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Pathol Res Pract. 2011 Mar 15;207(3):164-8. doi: 10.1016/j.prp.2010.12.007. Epub 2011 Feb 1.

Malignant granular cell tumor: a look into the diagnostic criteria.

Author information

1
Department of Pathology, St. John Hospital & Medical Center, Detroit, MI 48236, USA. samnasser78@gmail.com

Abstract

Fanburg-Smith et al. classified granular cell tumors (GCTs) using six criteria with high Ki-67 and p53 in malignant cases. We aim to refine their classification and reproduce their immunohistochemical findings. We, first, classified our 48 cases according to Fanburg-Smith criteria (37 benign, seven atypical, and four malignant), and performed Ki-67 and p53 on a sample of tumors. Then, we reclassified them into 44 benign and four with uncertain malignant potential (GCT-UMP) using only necrosis and/or mitoses. (1) According to Fanburg-Smith criteria: Malignant cases were significantly younger than benign and atypical ones; occurred predominantly in males; were significantly larger in size; and showed a higher Ki-67 expression but an insignificant difference in p53 staining. (2) Comparative findings: The four malignant cases according to Fanburg-Smith corresponded to our four cases with UMP. The seven atypical cases and our benign group shared similar means, except for age. None of these atypical cases recurred or metastasized. Despite its small number, our preliminary study showed similar selectivity of two more reproducible criteria (vs six) in the classification of cases of GCT with potential aggressive behavior, preserving a role for Ki-67 in difficult cases. However, metastases remain the sole definite criterion for malignancy.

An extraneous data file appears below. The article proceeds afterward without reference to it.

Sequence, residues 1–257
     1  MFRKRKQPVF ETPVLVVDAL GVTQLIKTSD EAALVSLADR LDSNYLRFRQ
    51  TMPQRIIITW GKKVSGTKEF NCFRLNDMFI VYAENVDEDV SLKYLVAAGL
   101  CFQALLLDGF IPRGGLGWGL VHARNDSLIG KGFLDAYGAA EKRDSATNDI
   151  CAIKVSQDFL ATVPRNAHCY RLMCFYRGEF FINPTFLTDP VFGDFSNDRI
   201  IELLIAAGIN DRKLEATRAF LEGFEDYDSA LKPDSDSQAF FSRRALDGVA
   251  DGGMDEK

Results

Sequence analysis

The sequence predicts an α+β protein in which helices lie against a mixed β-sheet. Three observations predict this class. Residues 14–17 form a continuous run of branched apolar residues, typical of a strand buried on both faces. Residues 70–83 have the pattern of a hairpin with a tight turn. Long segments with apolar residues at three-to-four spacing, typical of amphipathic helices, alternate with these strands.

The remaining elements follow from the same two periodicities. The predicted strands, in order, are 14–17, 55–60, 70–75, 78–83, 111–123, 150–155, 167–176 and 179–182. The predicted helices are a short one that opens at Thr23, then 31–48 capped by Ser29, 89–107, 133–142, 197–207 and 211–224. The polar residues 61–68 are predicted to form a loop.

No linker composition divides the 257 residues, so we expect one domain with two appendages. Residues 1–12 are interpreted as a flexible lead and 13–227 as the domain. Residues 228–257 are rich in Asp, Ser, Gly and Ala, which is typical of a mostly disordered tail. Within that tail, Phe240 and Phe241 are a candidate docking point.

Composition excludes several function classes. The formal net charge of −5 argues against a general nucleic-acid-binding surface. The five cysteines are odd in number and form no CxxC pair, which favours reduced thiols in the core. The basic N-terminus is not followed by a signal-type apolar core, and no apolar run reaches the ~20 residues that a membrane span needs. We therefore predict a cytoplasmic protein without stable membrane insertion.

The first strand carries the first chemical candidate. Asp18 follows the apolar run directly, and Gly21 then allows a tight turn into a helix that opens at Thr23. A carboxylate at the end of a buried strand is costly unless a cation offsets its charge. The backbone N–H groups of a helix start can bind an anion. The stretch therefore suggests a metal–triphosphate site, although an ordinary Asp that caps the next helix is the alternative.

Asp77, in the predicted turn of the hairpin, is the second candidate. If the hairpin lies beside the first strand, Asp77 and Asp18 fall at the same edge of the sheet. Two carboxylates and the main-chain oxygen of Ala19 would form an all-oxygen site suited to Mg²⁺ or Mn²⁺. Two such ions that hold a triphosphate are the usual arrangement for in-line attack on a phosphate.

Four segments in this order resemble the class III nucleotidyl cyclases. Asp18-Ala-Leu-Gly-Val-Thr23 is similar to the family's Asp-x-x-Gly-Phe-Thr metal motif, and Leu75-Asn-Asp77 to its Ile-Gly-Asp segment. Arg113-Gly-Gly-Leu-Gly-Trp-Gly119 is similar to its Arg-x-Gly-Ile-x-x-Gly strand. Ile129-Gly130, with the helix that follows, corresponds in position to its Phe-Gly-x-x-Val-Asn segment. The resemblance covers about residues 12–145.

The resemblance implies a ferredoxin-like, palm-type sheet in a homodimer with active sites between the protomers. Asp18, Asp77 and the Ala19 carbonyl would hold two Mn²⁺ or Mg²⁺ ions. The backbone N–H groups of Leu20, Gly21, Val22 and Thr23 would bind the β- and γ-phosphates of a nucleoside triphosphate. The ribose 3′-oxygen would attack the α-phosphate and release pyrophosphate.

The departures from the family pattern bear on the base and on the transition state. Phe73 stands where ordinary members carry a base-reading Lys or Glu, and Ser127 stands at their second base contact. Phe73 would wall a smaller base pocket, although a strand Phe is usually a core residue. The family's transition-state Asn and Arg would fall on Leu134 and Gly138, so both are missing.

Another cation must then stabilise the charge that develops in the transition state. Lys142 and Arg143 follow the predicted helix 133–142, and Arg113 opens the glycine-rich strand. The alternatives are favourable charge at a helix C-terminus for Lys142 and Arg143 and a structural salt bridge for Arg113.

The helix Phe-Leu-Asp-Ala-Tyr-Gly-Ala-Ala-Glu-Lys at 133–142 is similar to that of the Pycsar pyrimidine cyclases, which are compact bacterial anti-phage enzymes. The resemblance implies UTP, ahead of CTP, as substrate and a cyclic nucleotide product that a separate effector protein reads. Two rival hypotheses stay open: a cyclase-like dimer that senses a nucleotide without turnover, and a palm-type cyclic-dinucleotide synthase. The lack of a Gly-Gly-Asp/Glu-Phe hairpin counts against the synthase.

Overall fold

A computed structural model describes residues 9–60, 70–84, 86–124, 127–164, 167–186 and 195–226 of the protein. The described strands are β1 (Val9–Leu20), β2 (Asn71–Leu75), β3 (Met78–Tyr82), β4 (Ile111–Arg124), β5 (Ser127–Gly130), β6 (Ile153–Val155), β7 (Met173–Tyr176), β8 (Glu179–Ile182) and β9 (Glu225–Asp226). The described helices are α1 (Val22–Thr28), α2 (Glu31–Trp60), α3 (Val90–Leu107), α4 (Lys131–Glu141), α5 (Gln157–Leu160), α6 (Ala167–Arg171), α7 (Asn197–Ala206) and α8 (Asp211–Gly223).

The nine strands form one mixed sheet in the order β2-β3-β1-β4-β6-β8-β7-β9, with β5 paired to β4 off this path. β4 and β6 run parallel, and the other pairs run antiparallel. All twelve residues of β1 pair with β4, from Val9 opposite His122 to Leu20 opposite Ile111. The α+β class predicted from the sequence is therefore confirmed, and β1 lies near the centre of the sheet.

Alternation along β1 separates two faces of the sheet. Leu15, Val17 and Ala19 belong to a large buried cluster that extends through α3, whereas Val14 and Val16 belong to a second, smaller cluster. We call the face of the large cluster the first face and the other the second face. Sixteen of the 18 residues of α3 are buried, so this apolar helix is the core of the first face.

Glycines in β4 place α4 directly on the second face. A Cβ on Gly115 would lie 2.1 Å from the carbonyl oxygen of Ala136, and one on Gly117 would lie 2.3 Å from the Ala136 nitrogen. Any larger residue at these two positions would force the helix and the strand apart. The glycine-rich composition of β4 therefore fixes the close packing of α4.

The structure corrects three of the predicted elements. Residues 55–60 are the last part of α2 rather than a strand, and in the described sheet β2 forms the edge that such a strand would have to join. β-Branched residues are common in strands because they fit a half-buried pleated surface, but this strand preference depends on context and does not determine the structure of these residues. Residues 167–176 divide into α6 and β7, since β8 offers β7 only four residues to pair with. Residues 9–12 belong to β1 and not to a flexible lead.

PMID:
21282016
DOI:
10.1016/j.prp.2010.12.007
[Indexed for MEDLINE]

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